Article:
Big bucks from the Winthrop Square garage are coming to the Emerald Necklace, including the Boston Common, but of course, with the caveat of a shadow.
The City Council Committee on Ways and Means, chaired by Councilor Mark Ciommo, held a hearing on Oct. 15 regarding an appropriation of $105 million for funding for open spaces and completion of the Emerald Necklace, as well as redevelopment of Old Colony in South Boston and Orient Heights in East Boston.
This matter is sponsored by Mayor Walsh.
The money comes from the sale of Winthrop Square garage, with $102 million going to the City as part of the closing deal, with more to come based on condo sales in the new residential luxury tower that is going up at the garage site. Drew Smith, city treasurer, said that three trusts would be established for open space as a part of this appropriation—for the Boston Common, Franklin Park, and the Rose Kennedy Greenway. He said these trusts would be set up similarly to the more than 200 trusts that the City currently oversees.
Some $23 million in capital funds would go to the Boston Common and Franklin Park, along with $5 million for the maintenance trust. Another $11 million would go towards the completion of the Emerald Necklace.
Justin Sterritt, City Budget Director, called this an “elegant solution” to producing a source of income for the parks. Chris Cook, chief of Environment, Energy, and Open Space for the City of Boston, said that the trustees themselves will determine the budget on an annual basis.
Cook added that the Boston Common is America’s first park, and it “has to perform at a higher level now than it ever has before.”
He also said that the funds will allow the Parks Department to take better care of the Common.
“We are very, very excited about this opportunity in our cabinet,” Cook said.
Councilor Ed Flynn expressed his support for the proposal, and said it is an “honor” to represent the Boston Common and the Public Garden along with Councilor Josh Zakim. He did add, however, that he would like to make sure that appropriate care is taken to the Chinatown portion of the Greenway, as he said his constituents bring it up as an issue almost every time he goes into Chinatown.
Flynn also raised the question of whether these funds would be used to enhance accessibility in the parks. Cook said that the “enhanced maintenance” that these funds would be used for comes down to pathway maintenance and tree work, which helps to keep pathways clear. He said that any time the ability to enhance presents itself, gains in accessibility are made. He said that putting accessibility at the forefront when making new investments is important to think about.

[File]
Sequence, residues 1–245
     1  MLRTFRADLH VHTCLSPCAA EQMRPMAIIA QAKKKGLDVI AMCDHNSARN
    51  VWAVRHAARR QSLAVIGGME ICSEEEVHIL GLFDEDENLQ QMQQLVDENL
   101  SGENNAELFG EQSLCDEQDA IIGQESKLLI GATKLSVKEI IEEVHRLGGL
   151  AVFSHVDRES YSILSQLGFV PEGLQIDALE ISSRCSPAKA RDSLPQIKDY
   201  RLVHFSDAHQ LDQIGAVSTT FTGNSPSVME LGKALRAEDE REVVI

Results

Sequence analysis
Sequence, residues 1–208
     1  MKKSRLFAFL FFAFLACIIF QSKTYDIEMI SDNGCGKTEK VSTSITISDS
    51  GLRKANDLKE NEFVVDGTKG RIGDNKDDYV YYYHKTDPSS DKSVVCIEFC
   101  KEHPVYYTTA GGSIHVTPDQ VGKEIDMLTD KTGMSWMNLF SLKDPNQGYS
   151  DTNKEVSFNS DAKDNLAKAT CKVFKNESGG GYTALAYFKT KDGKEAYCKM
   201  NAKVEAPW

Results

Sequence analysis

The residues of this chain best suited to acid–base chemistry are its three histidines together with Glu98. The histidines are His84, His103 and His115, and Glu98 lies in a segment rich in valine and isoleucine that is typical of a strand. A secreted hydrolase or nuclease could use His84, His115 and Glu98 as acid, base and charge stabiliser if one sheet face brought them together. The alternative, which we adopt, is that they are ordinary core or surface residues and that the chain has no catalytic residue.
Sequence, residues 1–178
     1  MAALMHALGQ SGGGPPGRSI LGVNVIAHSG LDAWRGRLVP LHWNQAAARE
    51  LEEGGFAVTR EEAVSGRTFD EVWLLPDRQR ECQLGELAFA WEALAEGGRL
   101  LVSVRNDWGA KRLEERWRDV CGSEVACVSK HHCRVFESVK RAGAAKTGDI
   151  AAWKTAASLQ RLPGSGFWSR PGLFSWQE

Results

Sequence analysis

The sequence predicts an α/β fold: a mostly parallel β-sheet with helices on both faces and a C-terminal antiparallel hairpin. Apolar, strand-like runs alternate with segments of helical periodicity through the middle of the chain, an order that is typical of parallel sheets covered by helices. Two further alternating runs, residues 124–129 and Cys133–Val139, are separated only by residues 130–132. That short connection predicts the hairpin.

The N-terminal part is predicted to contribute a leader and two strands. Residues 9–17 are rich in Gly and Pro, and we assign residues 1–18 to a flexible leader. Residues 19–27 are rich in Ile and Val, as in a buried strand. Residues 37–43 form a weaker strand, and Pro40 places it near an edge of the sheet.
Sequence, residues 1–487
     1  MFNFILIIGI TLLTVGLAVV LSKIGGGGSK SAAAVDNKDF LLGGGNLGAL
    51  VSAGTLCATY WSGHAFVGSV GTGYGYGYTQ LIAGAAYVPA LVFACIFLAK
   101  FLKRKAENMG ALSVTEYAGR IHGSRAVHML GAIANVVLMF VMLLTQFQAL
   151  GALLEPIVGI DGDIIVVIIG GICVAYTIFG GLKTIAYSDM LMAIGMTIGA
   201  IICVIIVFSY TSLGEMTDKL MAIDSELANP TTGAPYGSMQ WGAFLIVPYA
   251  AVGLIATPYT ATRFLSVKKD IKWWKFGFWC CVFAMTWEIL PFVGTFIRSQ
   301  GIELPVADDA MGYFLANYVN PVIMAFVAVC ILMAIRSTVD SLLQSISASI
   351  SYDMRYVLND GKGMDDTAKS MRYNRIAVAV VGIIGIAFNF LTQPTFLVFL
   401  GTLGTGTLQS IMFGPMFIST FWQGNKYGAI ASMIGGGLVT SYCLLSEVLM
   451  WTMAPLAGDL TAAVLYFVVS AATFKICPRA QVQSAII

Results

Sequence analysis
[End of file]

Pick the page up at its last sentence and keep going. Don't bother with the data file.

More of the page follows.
Councilor Josh Zakim said that this proposal has been years in the making, and that the Friends of the Public Garden “did a great job hammering out some things.”
“I’m really proud that we got to this place,” Zakim said.
Several people got up to testify, including Liz Vizza, executive director of the Friends of the Public Garden, and Sam Tyler of the Boston Municipal Research Bureau.
Vizza expressed her support for the appropriation of the funds, saying that the Friends of the Public Garden has worked for over 48 years in conjunction with the City, and said that this is “an important investment in our most heavily used park.”
She agreed with Zakim that this was a long time coming.
She also said she is happy to see that the Parks Department has issued a Request for Proposals (RFP), and is looking forward to receiving public feedback about where the Boston Common money needs to be invested.
“It’s critical that this funding not supplant budget funding,” Vizza said.
She said that the Friends of the Public Garden has an annual budget of more than $2 million, but is happy to support the City in doing even more to support this heavily used park.
“We hope that we will be proud and excited about the outcome of the master plan,” she said.
Sam Tyler, on the other hand, expressed some concerns he had with the proposal. He said that for several years, the City has used these surplus funds to support the Leading the Way Home program, which helps families who live in homeless shelters.
“The bottom line,” he said, “is that the proceeds from the sale of a City-owned capital asset should be used for capital purpose. That’s why we are concerned about using proceeds for operational expenses.”
Tyler believes that “the City can achieve its objectives on the maintenance front in other ways.”
He also said that they question whether the City actually has the authority to create the trust and use its own municipal funds, and urged that this be examined before proceeding.
Since this was just a hearing, no vote was made on the appropriation of these funds, but voting will take place at a later date.